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Review by C.J. Bunce

If you’re a fan of hard-hitting science fiction and noir of the Blade Runner variety, your top pick for binge-watching this month should be the first seasons of Altered Carbon (reviewed here and here at borg).  Abbie Bernstein, author of several film and TV tie-in books arrives with her latest book, Altered Carbon: The Art and Making of the Series.  In design and layout, this is the next book in the series of behind-the-scenes studies of top-level sci-fi television series from Titan Books that includes The World of the Orville (reviewed here) and The Man in the High Castle: Creating the Alt World (reviewed here).

Unapologetically pulling its look and feel from the original Blade Runner, the creators of Altered Carbon made a world that could easily be a spin-off of the Philip K. Dick realm, a region just north of the cityscapes in Ridley Scott and Syd Mead’s futuristic dystopia.  Altered Carbon: The Art and Making of the Series is not a look at the concept art, but full coverage of the first two seasons of the series as seen through the eyes of the writers, cast, production designers, costume designers, stunt department, visual effects artists, and more.  Based on a trilogy of books from novelist Richard K. Morgan, the challenge for series creator Laeta Kalogridis and second season showrunner Alison Schapker and a team of writers was how to split up the novels between seasons.  Pulling Morgan into the writers room they based season one on the first novel and the theme “what does it mean to be human”–a common theme of many sci-fi stories–but more loosely adapted the next two books into the second season, focusing more on the love story between lead character Takeshi Kovacs and his former leader Quellcrist Falconer, asking, “Can love between two people survive, even for centuries?”

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Bernstein doesn’t hold back any content or story arc, digging into the relationships between characters, taking apart key sequences, and highlighting dozens of the series’ key characters, including accounts from the actors.  Because of the significant physical combat sequences among the major cast, the actors joined their stunt performers in daily sessions to bring greater believability to the visual effects elements.  Readers can expect hundreds of full-color photographs, including set photographs, film stills, and an entire chapter of sample storyboards from the series.

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It’s a fantastic sci-fi series with a stellar cast and a story and production values that rival the original Blade Runner and its 2017 sequel.  It’s Netflix’s Altered Carbon, based on Richard K. Morgan’s novel of the same name, a story about Takeshi Kovacs, a future soldier in a world where science has developed a hard drive called a “stack” that is implanted in humans’ necks, allowing our memories to be uploaded to storage and replanted over and over so they seemingly can live forever, even in new bodies called “sleeves.”  See our review of the first season here.  Allowing Kovacs and other characters to be played by any number of actors (allowing the series to run forever like Doctor Who), for the second season that means Anthony Mackie (Captain America: Winter Soldier, The Adjustment Bureau) is replacing Joel Kinnaman (RoboCop, Suicide Squad) as series lead.  Netflix revealed its first teaser for the new season this week.  Check it out below!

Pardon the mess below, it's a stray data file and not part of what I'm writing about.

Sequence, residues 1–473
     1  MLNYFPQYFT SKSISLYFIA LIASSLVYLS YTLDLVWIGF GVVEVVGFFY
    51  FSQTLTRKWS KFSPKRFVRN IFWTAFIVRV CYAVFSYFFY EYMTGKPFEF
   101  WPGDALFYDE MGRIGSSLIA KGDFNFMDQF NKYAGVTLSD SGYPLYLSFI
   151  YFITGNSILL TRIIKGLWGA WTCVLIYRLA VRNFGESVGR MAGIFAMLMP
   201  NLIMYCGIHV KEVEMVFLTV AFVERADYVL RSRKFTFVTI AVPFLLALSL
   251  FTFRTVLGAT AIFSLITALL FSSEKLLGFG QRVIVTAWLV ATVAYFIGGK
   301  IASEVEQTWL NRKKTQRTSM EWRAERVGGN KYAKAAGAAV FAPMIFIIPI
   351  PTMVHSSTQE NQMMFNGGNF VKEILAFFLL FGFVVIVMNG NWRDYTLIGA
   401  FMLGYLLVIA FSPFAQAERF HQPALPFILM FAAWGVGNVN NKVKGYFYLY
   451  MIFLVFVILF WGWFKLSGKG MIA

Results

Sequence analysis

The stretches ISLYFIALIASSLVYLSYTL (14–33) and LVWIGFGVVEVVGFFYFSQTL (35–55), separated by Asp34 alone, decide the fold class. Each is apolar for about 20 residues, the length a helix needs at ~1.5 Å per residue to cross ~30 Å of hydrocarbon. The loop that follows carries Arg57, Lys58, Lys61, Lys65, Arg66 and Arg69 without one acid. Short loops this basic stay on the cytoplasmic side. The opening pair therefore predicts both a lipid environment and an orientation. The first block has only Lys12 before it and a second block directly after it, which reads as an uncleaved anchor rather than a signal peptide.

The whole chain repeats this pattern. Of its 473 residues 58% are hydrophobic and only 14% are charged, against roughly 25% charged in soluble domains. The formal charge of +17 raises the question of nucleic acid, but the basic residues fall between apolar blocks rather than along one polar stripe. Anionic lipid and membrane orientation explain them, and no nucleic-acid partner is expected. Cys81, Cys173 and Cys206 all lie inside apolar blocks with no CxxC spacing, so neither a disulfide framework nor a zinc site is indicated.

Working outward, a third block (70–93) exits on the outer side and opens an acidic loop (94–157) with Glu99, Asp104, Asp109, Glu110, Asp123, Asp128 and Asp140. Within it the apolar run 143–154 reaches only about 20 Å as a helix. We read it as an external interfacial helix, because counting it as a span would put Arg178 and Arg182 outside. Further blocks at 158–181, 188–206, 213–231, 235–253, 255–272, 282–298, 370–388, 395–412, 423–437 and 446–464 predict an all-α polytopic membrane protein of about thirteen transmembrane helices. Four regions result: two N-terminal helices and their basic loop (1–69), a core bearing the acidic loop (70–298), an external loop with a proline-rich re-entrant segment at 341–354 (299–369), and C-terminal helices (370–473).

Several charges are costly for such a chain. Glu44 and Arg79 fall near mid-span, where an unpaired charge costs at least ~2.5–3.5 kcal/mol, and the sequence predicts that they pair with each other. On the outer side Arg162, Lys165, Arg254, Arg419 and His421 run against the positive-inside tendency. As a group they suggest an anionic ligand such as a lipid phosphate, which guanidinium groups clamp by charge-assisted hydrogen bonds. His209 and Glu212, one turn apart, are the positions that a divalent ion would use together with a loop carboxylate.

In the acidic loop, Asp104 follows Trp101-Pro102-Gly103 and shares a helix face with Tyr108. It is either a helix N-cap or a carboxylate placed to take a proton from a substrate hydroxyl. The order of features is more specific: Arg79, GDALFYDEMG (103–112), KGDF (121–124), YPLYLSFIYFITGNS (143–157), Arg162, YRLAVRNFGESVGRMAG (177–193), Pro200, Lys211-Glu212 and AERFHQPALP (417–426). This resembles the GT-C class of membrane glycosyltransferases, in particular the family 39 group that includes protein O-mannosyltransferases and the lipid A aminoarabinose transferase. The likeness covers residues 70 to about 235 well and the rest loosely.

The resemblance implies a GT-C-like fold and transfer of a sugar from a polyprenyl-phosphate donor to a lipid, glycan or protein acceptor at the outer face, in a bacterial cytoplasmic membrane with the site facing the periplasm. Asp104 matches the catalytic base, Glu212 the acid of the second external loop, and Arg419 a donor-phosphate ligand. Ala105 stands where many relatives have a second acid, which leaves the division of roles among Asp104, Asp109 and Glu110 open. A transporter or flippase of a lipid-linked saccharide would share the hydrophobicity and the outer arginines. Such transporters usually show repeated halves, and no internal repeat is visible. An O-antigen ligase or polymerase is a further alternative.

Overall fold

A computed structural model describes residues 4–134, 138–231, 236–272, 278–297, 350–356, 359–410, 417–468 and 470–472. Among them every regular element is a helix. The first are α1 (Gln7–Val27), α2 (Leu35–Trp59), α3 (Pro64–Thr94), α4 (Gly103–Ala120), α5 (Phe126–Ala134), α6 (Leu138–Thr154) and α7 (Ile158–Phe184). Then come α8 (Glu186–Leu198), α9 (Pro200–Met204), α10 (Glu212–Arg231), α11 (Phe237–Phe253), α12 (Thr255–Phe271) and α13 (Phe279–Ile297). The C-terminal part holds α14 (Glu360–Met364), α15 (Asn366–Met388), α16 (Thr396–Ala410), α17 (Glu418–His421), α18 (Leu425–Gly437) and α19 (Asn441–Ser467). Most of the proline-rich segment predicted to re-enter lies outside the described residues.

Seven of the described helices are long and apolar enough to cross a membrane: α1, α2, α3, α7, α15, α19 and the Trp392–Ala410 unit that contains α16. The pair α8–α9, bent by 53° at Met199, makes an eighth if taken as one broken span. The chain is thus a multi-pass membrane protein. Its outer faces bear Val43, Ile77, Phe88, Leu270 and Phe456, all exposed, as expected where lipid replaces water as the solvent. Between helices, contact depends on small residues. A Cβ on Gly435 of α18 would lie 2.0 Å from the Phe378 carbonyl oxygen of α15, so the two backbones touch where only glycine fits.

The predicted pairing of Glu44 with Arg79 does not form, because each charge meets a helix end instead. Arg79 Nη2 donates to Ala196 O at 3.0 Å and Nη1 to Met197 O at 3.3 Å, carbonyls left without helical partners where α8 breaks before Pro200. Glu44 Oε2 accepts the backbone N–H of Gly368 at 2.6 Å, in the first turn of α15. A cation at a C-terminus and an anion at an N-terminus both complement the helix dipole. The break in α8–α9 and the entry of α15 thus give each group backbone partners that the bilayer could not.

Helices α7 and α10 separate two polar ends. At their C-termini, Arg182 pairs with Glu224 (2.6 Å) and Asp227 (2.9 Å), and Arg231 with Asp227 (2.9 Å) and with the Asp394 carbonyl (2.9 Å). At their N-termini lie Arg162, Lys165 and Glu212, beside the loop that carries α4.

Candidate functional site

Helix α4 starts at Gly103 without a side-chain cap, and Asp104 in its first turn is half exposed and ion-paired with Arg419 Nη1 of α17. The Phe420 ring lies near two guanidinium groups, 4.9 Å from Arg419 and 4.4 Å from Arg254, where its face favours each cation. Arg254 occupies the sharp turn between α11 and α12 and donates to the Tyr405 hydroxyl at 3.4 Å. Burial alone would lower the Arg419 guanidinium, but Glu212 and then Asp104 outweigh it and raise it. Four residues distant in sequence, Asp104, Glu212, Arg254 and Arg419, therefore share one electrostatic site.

So fans of the Syd Mead, Ridley Scott, and Philip K. Dick brand of futurism, and all things borg, should catch up on the first season now.  What does it mean to be human, and how much can you shed away and replace with technology and still retain the “self”?  Altered Carbon tackles the philosophical questions The Matrix film series tried to answer.  Kovacs is a 300-year-old soldier.  As a seasoned fighter 250 years ago he was the last of a mercenary group called the Envoys, leading a rebellion against the new world order.  This is a bleak world, filled with virtual reality and virtual sex, body swapping and trafficking, and the kind of tech noir, bleak, dystopian realm seen in Strange Days, A Scanner Darkly, Minority Report, Ready Player One, The Running Man, Brazil, Total Recall, with the violence of A Clockwork Orange.  

The new teaser trailer showcases Mackie, but also shows glimpses of returning characters, including Kovacs former platoon leader, played by Renee Goldsberry (Star Trek Enterprise, Life on Mars), the original Kovacs, played by Will Yun Lee (Hawaii Five-O, Bionic Woman, Witchblade), the artificial intelligence named Poe who is the runner of a seedy hotel, played by Chris Conner (Burn Notice, House, Bones).  Unfortunately it doesn’t look like the fantastic cop Kristin Ortega, played by Mexican actress Martha Higareda (McFarland USA, Royal Pains), will be back, but new additions include Simone Missick (Marvel’s Luke Cage, The Defenders), Neal McDonough (Captain America: The First Avenger, Walking Tall, The X-Files,), and Alessandro Juliani (Chilling Adventures of Sabrina, Battlestar Galactica).